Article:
'The Ancient of Days,’ a 1794 watercolor etching by William Blake.
(photo credit: Wikimedia Commons)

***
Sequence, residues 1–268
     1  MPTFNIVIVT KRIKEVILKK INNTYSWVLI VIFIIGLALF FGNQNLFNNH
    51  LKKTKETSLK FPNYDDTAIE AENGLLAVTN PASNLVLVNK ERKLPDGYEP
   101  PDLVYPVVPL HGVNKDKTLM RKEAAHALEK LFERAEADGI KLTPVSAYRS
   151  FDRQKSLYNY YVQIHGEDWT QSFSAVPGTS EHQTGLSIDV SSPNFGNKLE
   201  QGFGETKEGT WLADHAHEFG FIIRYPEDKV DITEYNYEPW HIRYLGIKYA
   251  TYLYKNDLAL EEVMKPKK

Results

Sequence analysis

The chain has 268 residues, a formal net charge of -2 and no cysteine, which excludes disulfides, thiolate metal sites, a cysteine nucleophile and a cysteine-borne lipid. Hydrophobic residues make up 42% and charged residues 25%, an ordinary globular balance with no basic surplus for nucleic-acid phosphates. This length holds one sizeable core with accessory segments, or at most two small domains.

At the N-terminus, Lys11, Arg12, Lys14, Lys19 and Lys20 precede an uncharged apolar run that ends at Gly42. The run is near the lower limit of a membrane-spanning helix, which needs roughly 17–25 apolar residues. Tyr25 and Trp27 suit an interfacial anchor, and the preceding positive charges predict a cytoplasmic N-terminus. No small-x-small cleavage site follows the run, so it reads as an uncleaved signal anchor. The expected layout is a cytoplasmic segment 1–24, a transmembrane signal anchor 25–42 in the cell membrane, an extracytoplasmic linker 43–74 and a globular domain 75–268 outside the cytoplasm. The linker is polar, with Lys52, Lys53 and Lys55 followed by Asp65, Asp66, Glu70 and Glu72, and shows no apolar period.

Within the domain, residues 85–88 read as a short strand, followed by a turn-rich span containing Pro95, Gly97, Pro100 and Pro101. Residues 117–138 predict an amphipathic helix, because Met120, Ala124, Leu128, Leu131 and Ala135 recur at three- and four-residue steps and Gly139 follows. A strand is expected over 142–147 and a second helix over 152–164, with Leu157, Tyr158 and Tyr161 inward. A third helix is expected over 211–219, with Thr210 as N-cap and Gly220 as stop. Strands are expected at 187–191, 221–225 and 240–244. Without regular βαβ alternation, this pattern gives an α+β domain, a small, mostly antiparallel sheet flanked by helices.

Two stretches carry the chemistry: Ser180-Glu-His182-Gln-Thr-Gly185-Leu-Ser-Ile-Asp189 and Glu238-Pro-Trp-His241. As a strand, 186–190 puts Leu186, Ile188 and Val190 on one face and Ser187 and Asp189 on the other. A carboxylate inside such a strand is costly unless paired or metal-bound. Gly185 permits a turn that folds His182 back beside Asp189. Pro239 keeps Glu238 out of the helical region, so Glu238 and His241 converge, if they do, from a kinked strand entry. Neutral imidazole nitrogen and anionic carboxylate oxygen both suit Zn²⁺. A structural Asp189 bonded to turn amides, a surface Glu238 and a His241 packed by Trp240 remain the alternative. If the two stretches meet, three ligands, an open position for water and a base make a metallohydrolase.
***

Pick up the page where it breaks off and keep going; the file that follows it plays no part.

In The Sensual God, Aviad Kleinberg, a professor of medieval history at Tel Aviv University, sets out to explore religious attempts to put into words the indescribable, and to attribute images, senses and corporeality to what ought to be beyond such attributions.The author himself does not believe in God. His parents, who survived the Holocaust, taught him “disbelief in a God of justice is a moral duty.” Yet he is inexorably attracted to sacred texts, for they are “unabashedly engrossed in the sublime” – and so is he, in his own fashion.
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